A poll for MailOnline found 39 per cent of the public have a more negative view of the PM due to the shambolic handling of the pandemic.
Meanwhile, just 21 per cent said their opinion had improved. Alarmingly for Downing Street, the results were starkly different for Labour leader Keir Starmer – with his stock having risen significantly.
The findings in research by Redfield & Wilton Strategies comes amid mounting Tory panic over the performance of the government.
Mr Johnson was roasted at PMQs yesterday for overseeing ‘mess after mess’ with after the latest chaotic shift of position on lockdowns.
Bolton and Trafford were among a series of areas in the North West due to see restrictions eased.
A poll for MailOnline by Redfield & Wilton Strategies found 39 per cent of the public have a more negative view of the PM due to the shambolic handling of the pandemic
Signs that Chancellor Rishi Sunak (pictured yesterday) is planning to increase taxes in the Autumn Budget to stabilise the government finances – with briefings about a 5p hike to fuel duty – have also caused widespread anger
The laundry list of government U-turns
The last-minute change of heart on lockdown in Bolton and Trafford is the latest in a long line of embarrassing policy shifts since February.
Face masks in schools
Ministers initially insisted that there was no need for pupils to wear masks in schools.
However, after Nicola Sturgeon took the opposite view in Scotland, the position changed.
The government is now advising that face coverings should be worn by secondary school pupils and staff in some areas of England.
A-level and GCSE results U-turn in England
Following criticism from students, headteachers and a backlash by Tory MPs, the Government announced A-level and GCSE grades would be based on teachers’ assessments rather than a controversial algorithm devised by regulator Ofqual. Prime Minister Boris Johnson and Gavin Williamson had previously defended the ‘robust’ system, which saw almost 40% of A-level grades reduced from teachers’ predictions.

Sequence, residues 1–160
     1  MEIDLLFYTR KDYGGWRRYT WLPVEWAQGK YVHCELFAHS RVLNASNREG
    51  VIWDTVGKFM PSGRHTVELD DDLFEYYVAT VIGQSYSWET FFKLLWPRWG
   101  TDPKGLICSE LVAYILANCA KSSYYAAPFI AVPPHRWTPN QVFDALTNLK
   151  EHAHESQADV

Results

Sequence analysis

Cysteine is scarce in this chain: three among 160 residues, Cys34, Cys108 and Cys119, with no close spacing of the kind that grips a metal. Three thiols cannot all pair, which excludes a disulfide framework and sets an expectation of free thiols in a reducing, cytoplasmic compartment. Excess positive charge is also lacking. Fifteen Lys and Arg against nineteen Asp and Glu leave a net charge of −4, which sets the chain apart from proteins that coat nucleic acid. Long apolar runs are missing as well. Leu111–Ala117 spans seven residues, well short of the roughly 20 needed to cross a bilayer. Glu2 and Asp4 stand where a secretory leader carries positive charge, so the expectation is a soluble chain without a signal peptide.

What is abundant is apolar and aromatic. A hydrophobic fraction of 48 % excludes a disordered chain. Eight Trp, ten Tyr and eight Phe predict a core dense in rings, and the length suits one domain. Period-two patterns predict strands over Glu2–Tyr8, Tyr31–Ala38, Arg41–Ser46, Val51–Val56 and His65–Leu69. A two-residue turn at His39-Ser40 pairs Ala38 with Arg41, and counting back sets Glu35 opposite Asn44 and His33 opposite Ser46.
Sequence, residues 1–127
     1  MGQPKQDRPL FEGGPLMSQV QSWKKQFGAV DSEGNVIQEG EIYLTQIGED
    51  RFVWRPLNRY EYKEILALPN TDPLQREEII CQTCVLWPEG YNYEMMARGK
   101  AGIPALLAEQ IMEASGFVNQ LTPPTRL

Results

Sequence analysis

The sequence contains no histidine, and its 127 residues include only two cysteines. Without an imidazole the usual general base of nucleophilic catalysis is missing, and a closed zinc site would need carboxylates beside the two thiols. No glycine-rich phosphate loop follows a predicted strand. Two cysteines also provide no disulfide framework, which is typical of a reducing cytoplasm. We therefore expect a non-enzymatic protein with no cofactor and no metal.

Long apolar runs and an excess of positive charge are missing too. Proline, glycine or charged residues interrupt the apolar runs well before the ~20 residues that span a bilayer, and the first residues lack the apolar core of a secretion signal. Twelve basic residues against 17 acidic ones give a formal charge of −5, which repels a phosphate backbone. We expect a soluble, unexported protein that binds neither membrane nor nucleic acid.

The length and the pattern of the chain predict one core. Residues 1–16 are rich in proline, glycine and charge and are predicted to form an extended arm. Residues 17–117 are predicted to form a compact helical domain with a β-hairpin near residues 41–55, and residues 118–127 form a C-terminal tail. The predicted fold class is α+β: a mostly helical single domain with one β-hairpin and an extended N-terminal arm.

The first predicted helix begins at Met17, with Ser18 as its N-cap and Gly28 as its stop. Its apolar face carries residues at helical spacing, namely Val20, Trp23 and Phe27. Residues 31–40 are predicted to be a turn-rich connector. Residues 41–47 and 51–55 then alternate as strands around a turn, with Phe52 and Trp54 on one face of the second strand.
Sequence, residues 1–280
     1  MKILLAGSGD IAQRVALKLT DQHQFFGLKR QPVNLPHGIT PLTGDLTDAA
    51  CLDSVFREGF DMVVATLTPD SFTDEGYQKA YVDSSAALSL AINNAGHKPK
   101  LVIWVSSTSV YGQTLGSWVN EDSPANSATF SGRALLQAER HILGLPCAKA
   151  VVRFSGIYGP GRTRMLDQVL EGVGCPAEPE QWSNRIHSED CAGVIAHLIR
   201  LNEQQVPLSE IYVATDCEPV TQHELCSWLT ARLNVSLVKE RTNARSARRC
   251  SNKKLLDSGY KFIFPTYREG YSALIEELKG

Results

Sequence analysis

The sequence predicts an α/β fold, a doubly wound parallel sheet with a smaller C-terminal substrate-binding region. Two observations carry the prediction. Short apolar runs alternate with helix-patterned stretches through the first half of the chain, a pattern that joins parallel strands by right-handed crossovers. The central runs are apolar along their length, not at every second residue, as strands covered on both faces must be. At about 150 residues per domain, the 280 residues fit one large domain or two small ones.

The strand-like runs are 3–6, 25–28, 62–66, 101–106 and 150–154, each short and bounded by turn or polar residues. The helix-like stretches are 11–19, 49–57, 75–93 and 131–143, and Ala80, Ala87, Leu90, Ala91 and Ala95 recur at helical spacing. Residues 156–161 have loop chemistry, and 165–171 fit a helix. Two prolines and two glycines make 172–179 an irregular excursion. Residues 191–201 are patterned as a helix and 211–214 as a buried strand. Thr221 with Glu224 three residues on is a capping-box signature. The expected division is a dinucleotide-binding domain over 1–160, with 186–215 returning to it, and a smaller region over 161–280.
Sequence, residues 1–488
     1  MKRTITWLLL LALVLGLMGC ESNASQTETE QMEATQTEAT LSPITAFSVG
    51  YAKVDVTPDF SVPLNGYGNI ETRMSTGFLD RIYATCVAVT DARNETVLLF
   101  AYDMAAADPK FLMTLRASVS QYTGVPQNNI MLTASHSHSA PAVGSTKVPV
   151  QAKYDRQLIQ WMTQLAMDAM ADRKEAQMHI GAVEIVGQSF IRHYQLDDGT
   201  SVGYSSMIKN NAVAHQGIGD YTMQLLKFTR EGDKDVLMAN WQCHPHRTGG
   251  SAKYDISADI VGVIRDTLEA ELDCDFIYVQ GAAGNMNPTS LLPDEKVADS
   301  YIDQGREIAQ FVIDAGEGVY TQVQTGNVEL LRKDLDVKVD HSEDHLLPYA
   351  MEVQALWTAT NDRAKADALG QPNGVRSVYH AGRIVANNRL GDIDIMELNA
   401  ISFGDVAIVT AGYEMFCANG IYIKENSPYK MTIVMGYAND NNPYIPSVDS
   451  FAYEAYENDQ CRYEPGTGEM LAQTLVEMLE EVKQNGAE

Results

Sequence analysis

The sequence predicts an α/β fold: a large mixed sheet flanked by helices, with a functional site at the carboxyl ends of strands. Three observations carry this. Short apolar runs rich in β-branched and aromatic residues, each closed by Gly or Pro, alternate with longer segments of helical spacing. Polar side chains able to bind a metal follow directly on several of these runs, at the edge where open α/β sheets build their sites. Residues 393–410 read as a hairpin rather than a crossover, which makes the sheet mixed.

Government’s coronavirus contact-tracing app plans ditched
A new NHSX app for contact tracing was announced by Health Secretary Matt Hancock on April 12, pledging that it would be ‘crucial’ for preventing the transmission of coronavirus. It was trialled on the Isle of Wight but was then ditched on June 18 as the Government allowed Apple and Google to take over the project. A national rollout date has still not been set.
Primary school children to return
In early May, Mr Williamson set out the Government’s ambition that all primary-age children in England would have at least four weeks in school before the summer. But on June 9, he said there was ‘no choice’ but to scrap those plans amid concerns that the two-metre social distancing rule would make a full return impossible.
Coronavirus testing target
On April 2, Mr Hancock set a goal of 100,000 coronavirus tests a day by the end of the month. Tt the Government’s daily briefing on May 1, Mr Hancock said testing figures had hit 122,347 on April 30. However, the figures included the number of home tests (27,497) that had been sent out as well as the number of tests sent out to satellite sites (12,872). It suggested that the number of tests actually processed was closer to around 81,978 – short of the Government’s target.